The next thing I knew, I heard that rumors had started circulating around my kallah’s school that she was the first kallah in 12th grade. “Are you a kallah?” they kept on pressing her. My wife was a great girl and hadn’t said anything to anyone, and so, she just played along. “Are you a kallah?” she would jokingly reply to the other girls. But then matters started becoming heated. “I’m not a kallah!” Shani would say. “Yes you are!” the other girls would yell. When word had spread pretty much to everyone, we were told, “You can now officially announce your engagement.” And so, we did.

After telling my friends that I was a chassan, they danced with me in Eretz Yisrael, while my kallah remained in New York. My parents then called me. “We don’t want to fly you all the way back from Israel, but we would still like to make a little vort for you here. We will have your future in-laws come to Cleveland and on a Motzei Shabbos, you can propose to Shani over a loudspeaker. You will be here from a distance.” When I heard this plan, it sounded like a strange idea, but what else was there to do? So, I complied.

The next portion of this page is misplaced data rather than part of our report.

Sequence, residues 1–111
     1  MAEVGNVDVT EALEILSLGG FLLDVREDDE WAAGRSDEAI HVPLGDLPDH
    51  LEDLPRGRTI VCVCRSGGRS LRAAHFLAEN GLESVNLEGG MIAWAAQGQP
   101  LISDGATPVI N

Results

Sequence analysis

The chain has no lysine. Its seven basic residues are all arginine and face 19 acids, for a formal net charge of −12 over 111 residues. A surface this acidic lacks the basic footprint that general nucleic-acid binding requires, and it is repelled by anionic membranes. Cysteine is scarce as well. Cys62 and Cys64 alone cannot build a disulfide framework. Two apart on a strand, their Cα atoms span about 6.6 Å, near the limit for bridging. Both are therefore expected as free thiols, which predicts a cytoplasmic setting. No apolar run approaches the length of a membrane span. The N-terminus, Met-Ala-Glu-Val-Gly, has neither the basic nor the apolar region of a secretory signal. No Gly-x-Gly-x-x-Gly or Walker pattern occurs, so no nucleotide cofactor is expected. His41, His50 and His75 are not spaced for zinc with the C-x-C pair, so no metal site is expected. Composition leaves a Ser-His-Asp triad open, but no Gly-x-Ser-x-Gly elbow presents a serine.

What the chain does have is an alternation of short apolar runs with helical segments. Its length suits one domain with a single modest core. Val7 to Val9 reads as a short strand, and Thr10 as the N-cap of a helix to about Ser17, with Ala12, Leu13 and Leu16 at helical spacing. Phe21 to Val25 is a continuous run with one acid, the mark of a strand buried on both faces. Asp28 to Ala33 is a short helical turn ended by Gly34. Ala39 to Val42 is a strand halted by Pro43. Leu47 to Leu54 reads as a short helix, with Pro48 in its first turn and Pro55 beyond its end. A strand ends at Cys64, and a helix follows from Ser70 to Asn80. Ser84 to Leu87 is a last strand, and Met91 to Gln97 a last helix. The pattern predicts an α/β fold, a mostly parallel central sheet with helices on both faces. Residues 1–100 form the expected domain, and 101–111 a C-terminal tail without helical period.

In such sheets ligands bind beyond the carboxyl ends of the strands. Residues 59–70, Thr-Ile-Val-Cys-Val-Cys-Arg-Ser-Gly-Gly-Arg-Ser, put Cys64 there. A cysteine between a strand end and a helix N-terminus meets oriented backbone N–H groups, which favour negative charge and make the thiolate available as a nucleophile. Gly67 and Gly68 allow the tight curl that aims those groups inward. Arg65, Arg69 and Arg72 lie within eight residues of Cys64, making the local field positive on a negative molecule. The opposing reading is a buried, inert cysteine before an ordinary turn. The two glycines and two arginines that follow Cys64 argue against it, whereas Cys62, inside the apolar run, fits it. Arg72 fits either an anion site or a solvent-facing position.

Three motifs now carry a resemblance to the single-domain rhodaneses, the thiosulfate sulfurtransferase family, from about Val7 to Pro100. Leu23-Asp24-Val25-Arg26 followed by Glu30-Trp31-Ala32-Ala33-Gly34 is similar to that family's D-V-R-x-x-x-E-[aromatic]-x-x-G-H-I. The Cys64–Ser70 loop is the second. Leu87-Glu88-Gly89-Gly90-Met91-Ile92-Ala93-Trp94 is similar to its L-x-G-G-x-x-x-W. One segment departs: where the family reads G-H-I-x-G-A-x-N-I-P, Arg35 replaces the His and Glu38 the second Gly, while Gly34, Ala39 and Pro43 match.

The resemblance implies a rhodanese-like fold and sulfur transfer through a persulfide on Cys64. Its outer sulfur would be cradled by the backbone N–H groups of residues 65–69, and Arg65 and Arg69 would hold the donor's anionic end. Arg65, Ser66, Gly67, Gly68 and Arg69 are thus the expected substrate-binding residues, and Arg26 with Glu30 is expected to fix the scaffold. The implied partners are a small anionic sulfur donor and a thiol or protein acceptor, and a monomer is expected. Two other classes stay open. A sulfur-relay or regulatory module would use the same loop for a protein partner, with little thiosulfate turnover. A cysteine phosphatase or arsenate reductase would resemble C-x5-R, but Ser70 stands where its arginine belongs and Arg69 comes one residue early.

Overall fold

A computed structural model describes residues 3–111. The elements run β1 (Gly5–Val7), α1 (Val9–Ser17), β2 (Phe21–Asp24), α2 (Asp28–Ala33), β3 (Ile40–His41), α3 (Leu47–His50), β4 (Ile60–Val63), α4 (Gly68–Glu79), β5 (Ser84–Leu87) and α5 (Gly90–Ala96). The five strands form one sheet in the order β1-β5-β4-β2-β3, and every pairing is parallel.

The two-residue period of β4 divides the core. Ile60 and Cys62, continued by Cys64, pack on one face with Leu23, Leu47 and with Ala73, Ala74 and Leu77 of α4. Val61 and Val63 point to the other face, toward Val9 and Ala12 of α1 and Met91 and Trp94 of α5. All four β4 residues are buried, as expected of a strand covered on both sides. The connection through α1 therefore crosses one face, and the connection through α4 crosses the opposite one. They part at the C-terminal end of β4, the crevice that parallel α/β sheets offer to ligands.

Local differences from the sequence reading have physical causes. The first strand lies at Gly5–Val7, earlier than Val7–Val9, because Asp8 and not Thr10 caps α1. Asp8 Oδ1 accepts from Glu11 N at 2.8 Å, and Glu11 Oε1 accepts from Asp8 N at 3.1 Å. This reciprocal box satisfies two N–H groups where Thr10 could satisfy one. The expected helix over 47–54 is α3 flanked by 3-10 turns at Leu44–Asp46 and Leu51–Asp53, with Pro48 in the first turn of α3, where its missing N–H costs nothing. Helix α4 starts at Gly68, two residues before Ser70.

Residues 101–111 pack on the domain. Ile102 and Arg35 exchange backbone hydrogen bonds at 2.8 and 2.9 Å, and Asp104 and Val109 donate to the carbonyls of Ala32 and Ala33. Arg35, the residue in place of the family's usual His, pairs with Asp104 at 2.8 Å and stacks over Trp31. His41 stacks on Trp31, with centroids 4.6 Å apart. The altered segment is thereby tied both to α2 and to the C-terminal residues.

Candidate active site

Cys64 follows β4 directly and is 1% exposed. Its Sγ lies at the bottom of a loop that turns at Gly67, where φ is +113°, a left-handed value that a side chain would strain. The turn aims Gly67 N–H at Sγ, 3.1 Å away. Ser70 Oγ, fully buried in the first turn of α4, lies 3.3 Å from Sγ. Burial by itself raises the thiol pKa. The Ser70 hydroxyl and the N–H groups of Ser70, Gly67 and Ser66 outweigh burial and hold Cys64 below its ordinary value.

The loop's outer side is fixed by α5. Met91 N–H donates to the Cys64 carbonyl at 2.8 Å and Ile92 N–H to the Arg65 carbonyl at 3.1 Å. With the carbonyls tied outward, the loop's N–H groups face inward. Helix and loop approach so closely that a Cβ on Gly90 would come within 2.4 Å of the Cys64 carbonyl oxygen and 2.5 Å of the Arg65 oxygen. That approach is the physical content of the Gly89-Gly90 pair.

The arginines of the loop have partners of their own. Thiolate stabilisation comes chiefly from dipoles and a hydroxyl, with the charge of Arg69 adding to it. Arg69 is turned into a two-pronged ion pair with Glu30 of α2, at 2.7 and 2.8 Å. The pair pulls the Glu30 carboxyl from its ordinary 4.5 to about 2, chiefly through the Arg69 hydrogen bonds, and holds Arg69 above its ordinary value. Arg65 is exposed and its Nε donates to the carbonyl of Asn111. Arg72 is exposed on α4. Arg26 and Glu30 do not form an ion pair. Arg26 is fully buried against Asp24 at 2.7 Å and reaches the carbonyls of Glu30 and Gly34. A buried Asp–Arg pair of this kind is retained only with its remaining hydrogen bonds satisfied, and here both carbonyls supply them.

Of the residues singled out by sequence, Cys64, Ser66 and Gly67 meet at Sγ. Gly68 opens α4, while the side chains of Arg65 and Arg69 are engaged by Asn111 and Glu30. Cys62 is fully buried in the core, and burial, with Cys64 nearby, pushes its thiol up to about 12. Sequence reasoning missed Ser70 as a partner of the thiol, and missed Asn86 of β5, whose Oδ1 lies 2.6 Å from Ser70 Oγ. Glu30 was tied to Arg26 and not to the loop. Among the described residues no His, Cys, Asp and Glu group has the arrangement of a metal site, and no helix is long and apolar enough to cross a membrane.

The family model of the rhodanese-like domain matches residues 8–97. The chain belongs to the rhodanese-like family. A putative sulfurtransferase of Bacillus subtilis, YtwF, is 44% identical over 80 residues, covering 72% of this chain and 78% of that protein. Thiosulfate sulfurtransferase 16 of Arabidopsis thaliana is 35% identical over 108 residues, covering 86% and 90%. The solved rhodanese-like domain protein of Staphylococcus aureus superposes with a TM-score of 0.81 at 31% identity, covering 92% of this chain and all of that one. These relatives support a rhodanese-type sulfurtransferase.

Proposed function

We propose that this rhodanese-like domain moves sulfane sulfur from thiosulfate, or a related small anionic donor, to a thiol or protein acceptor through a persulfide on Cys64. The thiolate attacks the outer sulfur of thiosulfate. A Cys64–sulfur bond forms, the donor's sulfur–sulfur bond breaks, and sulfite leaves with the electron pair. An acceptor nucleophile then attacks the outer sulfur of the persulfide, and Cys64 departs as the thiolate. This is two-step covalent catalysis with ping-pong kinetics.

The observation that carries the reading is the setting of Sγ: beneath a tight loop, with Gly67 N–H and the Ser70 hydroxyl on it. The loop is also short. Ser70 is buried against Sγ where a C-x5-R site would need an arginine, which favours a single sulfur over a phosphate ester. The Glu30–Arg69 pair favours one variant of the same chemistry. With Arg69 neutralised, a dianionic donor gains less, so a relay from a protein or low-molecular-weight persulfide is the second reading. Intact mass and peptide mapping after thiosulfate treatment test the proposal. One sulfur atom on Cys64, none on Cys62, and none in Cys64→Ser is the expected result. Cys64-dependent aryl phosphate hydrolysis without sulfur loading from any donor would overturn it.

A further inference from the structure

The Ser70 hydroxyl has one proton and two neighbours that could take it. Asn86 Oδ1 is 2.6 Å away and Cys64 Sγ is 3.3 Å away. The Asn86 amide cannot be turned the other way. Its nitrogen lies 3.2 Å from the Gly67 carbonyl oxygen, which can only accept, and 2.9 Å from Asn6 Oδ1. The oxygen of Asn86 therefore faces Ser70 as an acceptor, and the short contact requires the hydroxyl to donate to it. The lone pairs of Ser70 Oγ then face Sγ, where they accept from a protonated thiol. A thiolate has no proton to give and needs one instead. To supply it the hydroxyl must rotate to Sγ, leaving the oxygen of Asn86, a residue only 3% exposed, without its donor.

The vort was set to take place at 8 o’clock at night in Cleveland on Motzei Shabbos. The only problem was that eight o’clock at night in Cleveland would be 3 am in Israel. And that would mean I would need to be awake enough with a clear head to make a proposal at that time of night. Worried that I would be fast asleep and miss the opportunity, my parents said that they would call me when they were ready. Yet, even that wouldn’t solve the problem entirely. Considering that there were no cordless phones in those days, I needed to remain near the phone to make sure I would hear it. So, there I was asleep on the cold floor next to the phone waiting to receive a call at 3 am.